Contributed by Susana Velez-Castrillon

The Vision Thing Exercise

A useful way to introduce the topic of leadership is to understand how leaders differ from managers. The “Vision Thing” exercise is designed to help students distinguish the activities of leaders and managers in a fun and engaging manner. The exercise involves creating a three-tiered hierarchical structure. One person is the CEO, another is the manager, and a third is the employee. The CEO prepares a vision statement in advance and works with the manager to determine how to translate the vision to a tangible “product” using the toy construction set. The manager then guides the employee on building the “product.” The process is iterative in nature—the manager can communicate with the CEO and employee as often as necessary. But there is a finite amount of time available to implement the vision. Once the exercise is complete the team comes together to examine how close the team came to implementing the CEO’s vision. The learning objectives are:

  • To understand the distinct, yet complementary roles of leaders and managers
  • To appreciate the challenges involved in articulating a vision
  • To learn the difference between a vision and a strategy

You can find a complete writeup of this exercise in an article that Atul Teckchandani and Frank Schultz published in the Journal of Leadership Studies: The Vision Thing: An experiential exercise introducing the key activities performed by leaders.

Contributed by Atul Teckchandani


Strategic Mgt of Job Interviews

RecruiterQuestion-GoogleThis Onion video illustrates some … um … interesting strategies one might apply in job interviews. While the strategies portrayed are entertaining, there is a key point hidden behind the humor: Analyzing a company’s strategy might help students ask questions that set them apart from other job candidates. Here is a 6-step “listicle” by Google’s HR executive on how to prepare for an interview. Getting a job could be turned into a class exercise that helps students see how the strategy content might be useful right away (as opposed to waiting until they are CEOs). For any case, consider a range of recruiter questions that convey a deeper understanding of a company’s strategy. For example, a good question for Apple might reveal an understanding of the nature and extent of their competitive advantage as well as strategic challenges: “How does Apple’s culture of creative product design extend to less creative jobs like sales and service?” or “How does Apple create a sense of urgency among employees to respond to rivals like Samsung?” Many of the key strategy frameworks can be applied to generate such probing questions:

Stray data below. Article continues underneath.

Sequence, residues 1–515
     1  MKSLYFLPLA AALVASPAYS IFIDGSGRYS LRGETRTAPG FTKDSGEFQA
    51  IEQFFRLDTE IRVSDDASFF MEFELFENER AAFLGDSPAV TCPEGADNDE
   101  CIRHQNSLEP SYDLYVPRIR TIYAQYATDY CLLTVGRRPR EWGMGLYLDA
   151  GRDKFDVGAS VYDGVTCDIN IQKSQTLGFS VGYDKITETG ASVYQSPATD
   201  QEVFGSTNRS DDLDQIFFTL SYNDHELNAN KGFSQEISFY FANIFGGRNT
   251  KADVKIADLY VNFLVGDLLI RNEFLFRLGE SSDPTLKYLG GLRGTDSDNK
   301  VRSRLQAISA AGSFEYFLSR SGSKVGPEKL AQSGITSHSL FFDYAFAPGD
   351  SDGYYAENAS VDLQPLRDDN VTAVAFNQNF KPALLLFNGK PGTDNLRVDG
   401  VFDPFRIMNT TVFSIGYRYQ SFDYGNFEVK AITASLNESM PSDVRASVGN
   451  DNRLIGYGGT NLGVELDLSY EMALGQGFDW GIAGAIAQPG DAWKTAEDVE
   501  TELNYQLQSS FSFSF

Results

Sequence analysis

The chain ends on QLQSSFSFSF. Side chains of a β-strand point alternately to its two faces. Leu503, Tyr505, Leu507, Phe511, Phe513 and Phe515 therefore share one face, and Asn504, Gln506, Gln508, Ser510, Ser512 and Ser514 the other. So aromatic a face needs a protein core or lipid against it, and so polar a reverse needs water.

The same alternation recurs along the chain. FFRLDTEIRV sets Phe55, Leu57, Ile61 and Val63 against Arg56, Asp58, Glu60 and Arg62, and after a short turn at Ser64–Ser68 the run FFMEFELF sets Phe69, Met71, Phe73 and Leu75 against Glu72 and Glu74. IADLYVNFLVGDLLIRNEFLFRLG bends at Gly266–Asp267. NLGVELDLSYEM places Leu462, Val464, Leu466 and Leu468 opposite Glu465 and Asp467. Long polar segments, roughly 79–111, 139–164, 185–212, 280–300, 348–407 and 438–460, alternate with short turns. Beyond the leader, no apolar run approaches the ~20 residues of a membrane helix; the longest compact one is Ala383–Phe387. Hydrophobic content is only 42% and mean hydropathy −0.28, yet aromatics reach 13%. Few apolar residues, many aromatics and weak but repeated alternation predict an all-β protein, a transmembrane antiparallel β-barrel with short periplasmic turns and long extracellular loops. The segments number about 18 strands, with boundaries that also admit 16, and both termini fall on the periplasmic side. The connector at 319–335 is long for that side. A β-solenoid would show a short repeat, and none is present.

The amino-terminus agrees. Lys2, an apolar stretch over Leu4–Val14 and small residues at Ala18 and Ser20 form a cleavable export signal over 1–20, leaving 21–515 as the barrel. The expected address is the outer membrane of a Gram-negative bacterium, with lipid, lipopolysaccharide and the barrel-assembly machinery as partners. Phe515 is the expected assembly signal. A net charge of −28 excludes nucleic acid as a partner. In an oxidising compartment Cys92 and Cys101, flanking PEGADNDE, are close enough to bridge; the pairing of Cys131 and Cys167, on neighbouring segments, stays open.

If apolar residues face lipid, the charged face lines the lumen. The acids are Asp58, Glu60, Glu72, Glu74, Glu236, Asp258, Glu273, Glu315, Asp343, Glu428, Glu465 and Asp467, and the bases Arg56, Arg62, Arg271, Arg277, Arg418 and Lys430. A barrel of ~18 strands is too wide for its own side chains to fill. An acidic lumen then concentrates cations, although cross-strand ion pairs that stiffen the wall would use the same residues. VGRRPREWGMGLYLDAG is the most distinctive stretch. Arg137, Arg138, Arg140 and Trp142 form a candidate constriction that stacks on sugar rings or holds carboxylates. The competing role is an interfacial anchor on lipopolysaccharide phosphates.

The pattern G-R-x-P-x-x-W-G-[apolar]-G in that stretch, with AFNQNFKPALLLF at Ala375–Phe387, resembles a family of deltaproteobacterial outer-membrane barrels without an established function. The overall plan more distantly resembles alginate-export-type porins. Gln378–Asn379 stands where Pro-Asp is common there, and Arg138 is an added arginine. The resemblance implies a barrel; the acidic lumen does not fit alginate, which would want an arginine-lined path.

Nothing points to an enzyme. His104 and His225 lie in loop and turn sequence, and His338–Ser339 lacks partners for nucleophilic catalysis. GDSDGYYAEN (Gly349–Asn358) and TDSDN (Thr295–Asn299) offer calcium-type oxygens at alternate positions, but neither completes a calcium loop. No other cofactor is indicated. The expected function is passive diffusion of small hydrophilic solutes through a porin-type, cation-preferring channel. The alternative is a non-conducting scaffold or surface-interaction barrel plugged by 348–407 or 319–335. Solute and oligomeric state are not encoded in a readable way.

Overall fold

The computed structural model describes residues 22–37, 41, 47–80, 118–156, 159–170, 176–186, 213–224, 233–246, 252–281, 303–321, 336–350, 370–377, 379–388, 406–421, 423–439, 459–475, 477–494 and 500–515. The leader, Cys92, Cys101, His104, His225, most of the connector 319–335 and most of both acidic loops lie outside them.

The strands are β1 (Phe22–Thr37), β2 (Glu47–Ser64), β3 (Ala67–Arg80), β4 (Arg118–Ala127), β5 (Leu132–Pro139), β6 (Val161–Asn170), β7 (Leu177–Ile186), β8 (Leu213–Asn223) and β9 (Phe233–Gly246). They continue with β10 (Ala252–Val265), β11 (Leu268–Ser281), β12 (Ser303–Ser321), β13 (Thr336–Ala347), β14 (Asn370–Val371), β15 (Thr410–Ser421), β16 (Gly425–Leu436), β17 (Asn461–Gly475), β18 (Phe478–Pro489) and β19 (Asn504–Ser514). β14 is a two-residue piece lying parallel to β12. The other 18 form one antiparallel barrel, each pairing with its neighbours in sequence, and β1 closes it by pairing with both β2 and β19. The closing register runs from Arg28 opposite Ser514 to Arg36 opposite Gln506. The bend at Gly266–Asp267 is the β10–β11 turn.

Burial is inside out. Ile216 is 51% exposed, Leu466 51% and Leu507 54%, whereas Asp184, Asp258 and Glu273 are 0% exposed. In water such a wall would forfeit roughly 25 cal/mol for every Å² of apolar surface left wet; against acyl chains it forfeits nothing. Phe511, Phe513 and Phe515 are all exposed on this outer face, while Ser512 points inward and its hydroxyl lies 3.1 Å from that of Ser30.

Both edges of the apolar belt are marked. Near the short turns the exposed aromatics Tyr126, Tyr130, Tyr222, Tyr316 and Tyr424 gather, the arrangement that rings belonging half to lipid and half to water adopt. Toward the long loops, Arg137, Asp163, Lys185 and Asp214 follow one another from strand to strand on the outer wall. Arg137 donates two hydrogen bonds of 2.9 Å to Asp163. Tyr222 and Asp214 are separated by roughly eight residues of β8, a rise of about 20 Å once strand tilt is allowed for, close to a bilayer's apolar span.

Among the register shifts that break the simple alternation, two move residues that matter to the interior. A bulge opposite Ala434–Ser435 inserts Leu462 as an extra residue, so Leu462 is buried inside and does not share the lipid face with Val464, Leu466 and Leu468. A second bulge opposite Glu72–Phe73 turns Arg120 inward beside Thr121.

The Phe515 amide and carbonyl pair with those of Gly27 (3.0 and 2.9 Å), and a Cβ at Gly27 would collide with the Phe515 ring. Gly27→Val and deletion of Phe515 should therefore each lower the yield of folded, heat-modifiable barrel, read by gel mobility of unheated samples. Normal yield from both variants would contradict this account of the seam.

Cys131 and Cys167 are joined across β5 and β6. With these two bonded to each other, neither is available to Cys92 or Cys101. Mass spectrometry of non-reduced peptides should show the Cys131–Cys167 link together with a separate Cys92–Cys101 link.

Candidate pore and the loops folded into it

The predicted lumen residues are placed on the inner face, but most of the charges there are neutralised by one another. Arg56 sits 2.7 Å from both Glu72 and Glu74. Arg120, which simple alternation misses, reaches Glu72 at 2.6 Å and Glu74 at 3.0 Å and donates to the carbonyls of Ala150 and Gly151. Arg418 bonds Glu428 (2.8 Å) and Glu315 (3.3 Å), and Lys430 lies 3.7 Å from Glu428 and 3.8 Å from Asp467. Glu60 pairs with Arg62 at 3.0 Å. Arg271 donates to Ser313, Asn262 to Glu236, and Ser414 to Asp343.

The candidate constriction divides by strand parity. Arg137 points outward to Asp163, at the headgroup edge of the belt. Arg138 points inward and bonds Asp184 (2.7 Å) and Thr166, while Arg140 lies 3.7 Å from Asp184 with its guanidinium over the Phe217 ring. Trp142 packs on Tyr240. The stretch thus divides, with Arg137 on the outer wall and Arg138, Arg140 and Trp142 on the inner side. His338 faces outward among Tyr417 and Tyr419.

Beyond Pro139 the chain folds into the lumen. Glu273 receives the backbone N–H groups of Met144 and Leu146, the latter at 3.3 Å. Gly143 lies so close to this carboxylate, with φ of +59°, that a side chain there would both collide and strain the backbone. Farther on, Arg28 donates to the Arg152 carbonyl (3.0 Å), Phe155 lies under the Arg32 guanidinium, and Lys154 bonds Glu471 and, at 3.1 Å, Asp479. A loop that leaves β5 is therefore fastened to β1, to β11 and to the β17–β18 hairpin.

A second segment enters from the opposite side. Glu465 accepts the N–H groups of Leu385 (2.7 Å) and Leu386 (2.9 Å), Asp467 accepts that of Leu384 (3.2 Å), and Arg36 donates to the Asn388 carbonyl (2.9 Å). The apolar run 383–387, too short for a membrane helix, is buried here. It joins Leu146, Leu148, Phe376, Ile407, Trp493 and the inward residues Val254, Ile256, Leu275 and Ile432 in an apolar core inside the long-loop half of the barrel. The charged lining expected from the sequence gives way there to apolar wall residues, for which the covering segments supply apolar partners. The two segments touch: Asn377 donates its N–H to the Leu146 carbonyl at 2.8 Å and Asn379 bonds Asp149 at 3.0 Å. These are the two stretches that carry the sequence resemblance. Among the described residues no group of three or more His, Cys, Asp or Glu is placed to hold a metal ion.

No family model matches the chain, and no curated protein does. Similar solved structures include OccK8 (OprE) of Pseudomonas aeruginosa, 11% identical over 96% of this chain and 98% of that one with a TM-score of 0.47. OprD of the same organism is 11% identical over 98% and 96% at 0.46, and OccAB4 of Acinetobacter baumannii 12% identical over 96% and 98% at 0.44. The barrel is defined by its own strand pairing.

• 5 forces/Industry analysis might help you understand the market position & efforts to increase buyer switching costs. This might include marketing or operations efforts to get closer to customers (customer intimacy). Probing questions along these lines convey that you understand strategic issues in the industry.
  • VRINE/Internal analysis might help identify key resources to leverage (e.g., Apple example above). If culture is a critical resource, one might ask questions about how they develop and maintain it.
  • STAR framework might help to identify levers to develop and maintain a valuable culture or, for example, coordination across units (e.g., MicroTech negotiation). Thus, one could probe into hiring, reward systems, structure, and processes to understand how they achieve these capabilities.
  • “Four C” framework might be useful if alliances are a key component of the firm’s strategy (outsourcing, R&D, etc.). How do they find partners with congruent goals? How do they managing the changing relationship over time? End game?

Contributed by Russ Coff

Executing Strategy … for a change